Crossing the Panama Canal

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The final moment as the Mirafloras lock opens to welcome us to the Pacific Ocean is an emotional moment. Especially after the 45 miles of the Panama canal, and three sets of locks done after 2 days.  So interesting but so exhausting! The history, swirling currents, proximity of large ships, the sheer size of the lock  – this is not like the locks on the St. Laurence river that we are used to!

Each boat needs four line handlers, the Captain to drive the boat, and an Advisor on board. Pleasure craft, such as BioTrek are rafted together in nests, and stay nested for the locks. The middle boat controls the nest with the advisor in the middle boat in charge of advising the fleet. This is very different from the large ships that are pulled through the locks by trains.

Our raft to go through the canal was special – three large catamarans. BioTrek was the middle boat in the last raft of boats, with Pom3 and Endless Joy on each side of us. The head advisor on BioTrek.

 Our raft was the largest raft to ever go through the canal!  We were almost 90 ft wide and the canal is only 110 ft wide. No room for error! An error could mean one of the boats crushed against the side as the waters rose in the first lock at Gatun.

Our Advisor talked constantly, giving instructions to the other Advisors in the nest, chatting with Pierre about currents and conditions to expect, shouting instructions to the line handlers and so on. When BioTrek was not in a lock, he chatted about history and Panama politics, how to do this and that, natural history – an endless source of information. Our advisor sat in the side seat beside Pierre, or was standing beside Pierre, all while Pierre stayed at the helm to drive the boat. No rest for the Captain!

Our passage started on the Atlantic side at the Gatun lock, a series of three locks. When the first lock opens you are already in the chamber for the second lock and the nest of boats proceeds directly into the second lock. Our passage through the Gatun series appeared uneventful, but Pierre said it was intense controlling the three boats with the rising waters and swirling currents.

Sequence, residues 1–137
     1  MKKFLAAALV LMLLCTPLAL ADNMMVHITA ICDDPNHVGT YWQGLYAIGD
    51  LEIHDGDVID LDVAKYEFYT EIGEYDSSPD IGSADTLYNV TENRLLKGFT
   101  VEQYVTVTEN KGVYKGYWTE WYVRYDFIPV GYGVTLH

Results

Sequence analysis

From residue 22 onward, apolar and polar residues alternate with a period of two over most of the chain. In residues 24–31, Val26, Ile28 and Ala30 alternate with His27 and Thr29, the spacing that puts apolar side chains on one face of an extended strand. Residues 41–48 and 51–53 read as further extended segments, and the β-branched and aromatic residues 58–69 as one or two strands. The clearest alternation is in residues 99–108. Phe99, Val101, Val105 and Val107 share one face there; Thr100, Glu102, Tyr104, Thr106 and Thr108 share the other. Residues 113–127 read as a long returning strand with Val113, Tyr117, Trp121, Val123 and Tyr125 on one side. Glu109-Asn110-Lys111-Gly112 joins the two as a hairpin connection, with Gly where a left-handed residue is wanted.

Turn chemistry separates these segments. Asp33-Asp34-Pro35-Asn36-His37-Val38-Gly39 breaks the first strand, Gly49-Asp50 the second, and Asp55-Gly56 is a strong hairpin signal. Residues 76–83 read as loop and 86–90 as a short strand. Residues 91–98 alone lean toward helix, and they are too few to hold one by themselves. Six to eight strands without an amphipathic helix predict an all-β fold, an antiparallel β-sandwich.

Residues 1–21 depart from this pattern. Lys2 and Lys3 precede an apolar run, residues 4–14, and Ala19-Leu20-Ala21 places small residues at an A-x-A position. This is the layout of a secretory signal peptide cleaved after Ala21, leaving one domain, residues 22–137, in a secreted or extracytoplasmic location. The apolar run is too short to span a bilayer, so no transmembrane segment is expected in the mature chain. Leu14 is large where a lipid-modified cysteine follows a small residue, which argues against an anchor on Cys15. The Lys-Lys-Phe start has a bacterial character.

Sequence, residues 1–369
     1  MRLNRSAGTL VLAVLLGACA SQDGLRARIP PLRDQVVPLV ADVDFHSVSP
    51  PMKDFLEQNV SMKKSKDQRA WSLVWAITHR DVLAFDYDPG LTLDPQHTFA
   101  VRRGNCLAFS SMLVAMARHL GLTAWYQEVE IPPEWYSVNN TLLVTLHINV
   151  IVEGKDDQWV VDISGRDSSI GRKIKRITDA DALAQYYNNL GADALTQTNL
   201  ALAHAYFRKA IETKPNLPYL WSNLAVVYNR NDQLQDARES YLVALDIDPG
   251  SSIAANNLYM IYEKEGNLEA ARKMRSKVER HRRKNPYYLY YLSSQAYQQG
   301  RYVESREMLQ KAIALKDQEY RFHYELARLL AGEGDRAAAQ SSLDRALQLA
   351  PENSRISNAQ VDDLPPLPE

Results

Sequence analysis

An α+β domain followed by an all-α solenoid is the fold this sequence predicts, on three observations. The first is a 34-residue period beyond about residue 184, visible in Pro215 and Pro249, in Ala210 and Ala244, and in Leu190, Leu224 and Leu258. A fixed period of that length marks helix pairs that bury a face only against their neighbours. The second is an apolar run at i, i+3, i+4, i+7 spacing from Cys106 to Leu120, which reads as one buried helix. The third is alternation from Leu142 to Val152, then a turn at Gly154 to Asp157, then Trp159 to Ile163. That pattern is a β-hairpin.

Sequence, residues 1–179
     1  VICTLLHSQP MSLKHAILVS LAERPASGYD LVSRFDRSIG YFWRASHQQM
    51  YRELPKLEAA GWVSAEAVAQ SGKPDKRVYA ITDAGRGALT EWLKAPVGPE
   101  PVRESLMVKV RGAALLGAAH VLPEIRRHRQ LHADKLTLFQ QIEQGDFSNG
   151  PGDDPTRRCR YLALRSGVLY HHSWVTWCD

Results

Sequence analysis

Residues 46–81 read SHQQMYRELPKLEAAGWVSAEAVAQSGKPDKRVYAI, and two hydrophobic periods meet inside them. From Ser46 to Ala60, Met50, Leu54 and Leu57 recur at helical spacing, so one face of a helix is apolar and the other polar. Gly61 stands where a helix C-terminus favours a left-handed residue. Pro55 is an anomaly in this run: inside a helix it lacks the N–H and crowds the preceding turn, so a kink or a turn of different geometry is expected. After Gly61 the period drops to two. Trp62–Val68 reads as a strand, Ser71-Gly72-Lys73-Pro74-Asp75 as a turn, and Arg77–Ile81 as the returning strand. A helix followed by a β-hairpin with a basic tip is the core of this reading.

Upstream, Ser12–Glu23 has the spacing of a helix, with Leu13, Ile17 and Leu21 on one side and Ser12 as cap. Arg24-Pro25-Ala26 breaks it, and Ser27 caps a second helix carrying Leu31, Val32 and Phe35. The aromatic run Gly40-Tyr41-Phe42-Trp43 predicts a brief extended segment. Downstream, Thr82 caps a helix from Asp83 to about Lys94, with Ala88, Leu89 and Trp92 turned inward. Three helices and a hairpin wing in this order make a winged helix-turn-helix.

We spent a night on Lake Gatun on rafts of 4 boats. The advisors were picked up by a pilot around 8 pm and returned the next morning at 9:30. We continued through Lake Gatun, and headed into the middle series of Pedro Michel locks at late afternoon.

The raft ahead of us had a line handling error. One line handler on the stern did not release the rope fast enough when the water was quickly descending in the Pedro Miguel locks. The stern line snapped and the raft banged against the side of the lock. They were lucky that the line broke – it could have been the boat that broke! Also lucky, fenders were in place quickly and boats were not damaged.  It is not that unusual for a small boat to be damaged in a lock if line-handlers messes up.  

 We stayed rafted until the final 2 locks at Mirafloras and we un-nested (ie all the boats detached) before we motored towards the Bridge of Americas, the gateway to the Pacific.

The best video of the trip was taken by Gonzalo, a friend from Panama, who was one of our line handlers. 

We planned to open champagne under the bridge of the America’s. I was ready to film it with my camera, but Gonzalo and Mia (our new crew) insisted I open the bottle and Mia film.  I didn’t realize Mia had already removed the wire from the cork, and as soon as I took the bottle from her the cork popped, and they started crying “too early”. I tried to put the cork back in the bottle and dropped it, watching it bounce on the trampoline before going through to the water as I tried to help Mia who pushed the wrong button on the video camera.  We were all laughing so hard, and Gonzalo caught it all on his iphone as we bungled our efforts to pop champagne at the right time and film it.  Compared to the other boats, we had the worst video but the best time! 

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